This is part of an extended management course. You can dip into it, or follow the course from the start. If you do that, you may want a course notebook, for the exercises and any notes you want to make.
The Management Pocketblog is absolutely bristling with articles about leadership and leadership models. There is a roundup of some of the best at the end of this one and we wil make use of them in the exercises within this blog. So, for the Pocket Correspondence course, I want to look at a different model: sometimes called ‘The Leadership Challenge’ after the book that introduced it, and more properly known as ‘The Five Practices of Exemplary Leadership’.
The authors, Jim Kouzes and Barry Posner, researched thousands of personal case studies to extract five core behaviours which they believe represent leadership at its best. These five practices therefore represent a ‘behavioural model’ of leadership, rather than a style or traits based model. The behaviours fulfil five essential roles of a leader.
Along with the model, they have developed a wealth of evaluation and developmental tools that form one of the most coherent packages available to managers who want to develop as leaders.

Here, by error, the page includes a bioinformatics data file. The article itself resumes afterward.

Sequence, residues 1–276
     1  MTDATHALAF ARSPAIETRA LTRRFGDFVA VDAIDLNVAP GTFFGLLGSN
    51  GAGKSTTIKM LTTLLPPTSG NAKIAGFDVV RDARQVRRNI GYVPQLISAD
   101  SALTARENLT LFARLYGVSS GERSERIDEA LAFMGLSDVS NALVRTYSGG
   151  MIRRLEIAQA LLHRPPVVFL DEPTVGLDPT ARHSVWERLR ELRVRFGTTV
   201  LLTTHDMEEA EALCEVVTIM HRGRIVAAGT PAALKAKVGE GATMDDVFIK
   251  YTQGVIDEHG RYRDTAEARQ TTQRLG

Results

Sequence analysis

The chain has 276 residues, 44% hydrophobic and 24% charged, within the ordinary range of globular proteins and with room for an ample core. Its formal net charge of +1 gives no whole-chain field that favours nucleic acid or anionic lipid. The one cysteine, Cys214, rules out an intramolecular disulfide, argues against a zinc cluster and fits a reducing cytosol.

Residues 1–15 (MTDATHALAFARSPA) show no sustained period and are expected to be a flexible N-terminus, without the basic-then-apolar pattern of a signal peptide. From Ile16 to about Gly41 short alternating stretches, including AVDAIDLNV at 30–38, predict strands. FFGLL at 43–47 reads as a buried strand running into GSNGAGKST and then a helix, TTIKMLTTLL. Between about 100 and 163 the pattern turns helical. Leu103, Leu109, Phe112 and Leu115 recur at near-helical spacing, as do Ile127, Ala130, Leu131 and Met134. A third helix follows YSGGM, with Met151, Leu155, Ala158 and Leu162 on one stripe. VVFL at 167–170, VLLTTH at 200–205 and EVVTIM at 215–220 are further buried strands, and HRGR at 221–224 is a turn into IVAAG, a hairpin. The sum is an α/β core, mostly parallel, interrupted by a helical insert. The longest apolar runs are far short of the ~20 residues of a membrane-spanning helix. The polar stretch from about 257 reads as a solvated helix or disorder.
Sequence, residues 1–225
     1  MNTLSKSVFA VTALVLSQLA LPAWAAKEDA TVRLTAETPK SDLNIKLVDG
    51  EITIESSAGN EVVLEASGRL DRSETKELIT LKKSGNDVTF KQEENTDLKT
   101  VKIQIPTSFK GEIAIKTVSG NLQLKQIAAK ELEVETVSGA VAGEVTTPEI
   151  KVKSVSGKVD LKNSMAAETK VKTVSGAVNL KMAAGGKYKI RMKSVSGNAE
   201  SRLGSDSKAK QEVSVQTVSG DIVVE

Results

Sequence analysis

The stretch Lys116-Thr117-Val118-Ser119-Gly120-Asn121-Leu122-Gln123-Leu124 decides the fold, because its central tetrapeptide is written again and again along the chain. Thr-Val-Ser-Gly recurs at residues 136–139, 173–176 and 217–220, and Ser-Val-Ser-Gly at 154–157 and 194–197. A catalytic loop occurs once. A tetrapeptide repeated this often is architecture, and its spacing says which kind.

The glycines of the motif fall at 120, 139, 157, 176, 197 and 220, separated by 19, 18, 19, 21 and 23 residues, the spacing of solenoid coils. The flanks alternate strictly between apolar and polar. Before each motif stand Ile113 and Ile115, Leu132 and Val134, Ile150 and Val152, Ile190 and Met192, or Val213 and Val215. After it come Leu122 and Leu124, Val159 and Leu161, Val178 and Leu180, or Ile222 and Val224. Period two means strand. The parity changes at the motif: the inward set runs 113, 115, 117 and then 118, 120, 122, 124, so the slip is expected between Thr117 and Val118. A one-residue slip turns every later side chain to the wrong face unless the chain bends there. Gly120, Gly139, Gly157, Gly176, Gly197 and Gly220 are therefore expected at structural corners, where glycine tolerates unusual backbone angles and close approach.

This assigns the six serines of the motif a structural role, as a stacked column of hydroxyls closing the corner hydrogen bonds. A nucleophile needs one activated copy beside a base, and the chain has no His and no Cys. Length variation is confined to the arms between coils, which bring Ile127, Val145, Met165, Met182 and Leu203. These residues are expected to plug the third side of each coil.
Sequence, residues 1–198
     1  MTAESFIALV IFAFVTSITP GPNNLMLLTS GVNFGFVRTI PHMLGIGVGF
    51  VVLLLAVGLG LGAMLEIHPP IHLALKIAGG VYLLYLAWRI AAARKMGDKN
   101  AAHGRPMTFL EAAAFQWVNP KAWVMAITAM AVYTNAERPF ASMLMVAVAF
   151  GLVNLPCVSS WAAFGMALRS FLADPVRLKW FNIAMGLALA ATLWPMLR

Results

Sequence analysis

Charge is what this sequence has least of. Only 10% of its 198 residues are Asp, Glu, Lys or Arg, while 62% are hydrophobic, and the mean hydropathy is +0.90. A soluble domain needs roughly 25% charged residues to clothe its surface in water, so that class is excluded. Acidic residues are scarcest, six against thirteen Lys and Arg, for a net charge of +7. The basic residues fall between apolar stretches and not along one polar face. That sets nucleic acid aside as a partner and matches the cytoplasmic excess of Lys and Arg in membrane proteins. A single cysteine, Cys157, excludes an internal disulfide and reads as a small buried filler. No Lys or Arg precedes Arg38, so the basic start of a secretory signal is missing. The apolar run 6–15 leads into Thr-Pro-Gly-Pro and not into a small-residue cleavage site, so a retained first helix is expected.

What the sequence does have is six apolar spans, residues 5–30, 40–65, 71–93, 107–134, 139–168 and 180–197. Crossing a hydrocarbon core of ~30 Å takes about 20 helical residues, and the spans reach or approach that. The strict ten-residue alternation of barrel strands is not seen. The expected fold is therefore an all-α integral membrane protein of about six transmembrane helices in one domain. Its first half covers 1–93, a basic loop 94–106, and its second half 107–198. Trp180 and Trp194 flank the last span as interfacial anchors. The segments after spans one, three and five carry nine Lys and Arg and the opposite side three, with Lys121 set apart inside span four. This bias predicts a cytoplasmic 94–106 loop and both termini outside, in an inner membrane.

The Five Practices of Exemplary Leadership
I don’t want to say too much about this excellent model directly, because it would be wrong to infringe upon the authors’ copyright. Instead, I want to use this module for self study.
Exercise 1: Learn about The Leadership Challenge
If you aspire to lead, then this is essential reading and the authors have written a number of books and proprietary resources that are available from your favourite booksellers. But they also make a a wealth of valuable material available for you to look at on their website, at: http://www.leadershipchallenge.com.
Exercise 2: Compare and Contrast
Another well-known and valuable role-based model of leadership is John Adair’s Action Centred Leadership. Take a look at it in the earlier blog post: Team Leadership. What features do they share, and what does each offer to complement the other?
Take a look too, at the four common abilities of a leader in Manager to Leader: Warren Bennis (Part 2). How does this model fit with your emerging understanding?
Exercise 3: Traits and Styles
Thinking about styles of leadership, take a look at the earlier blog in The Pocket Correspondence Course, Situational Leadership. And, whilst there are few formal models about the traits of leaders, the Pocketblog Aubrey and Maturin, Arthur and Merlin highlights the different traits of fictional pairings, both of whom show different styles of leadership: Aubrey and Maturin, Arthur and Merlin, Kirk and Spock, and Holmes and Watson.
- The Leadership Pocketbook
- The Management Models Pocketbook
Specifically covers the Leadership Continuum and Action Centred Leadership